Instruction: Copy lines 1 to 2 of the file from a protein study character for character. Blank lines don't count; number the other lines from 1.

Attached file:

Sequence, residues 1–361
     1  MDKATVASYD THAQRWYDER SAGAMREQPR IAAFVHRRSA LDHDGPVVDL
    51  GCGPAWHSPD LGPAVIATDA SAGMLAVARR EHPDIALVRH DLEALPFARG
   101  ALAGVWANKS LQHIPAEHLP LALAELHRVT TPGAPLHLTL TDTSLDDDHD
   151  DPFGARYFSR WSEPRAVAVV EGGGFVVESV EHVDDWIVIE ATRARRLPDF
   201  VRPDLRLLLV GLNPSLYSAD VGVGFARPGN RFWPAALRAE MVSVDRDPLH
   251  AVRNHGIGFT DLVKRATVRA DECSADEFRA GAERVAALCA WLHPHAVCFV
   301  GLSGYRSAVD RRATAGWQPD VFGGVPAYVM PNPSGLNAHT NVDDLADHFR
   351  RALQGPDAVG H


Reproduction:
Sequence, residues 1–361
     1  MDKATVASYD THAQRWYDER SAGAMREQPR IAAFVHRRSA LDHDGPVVDL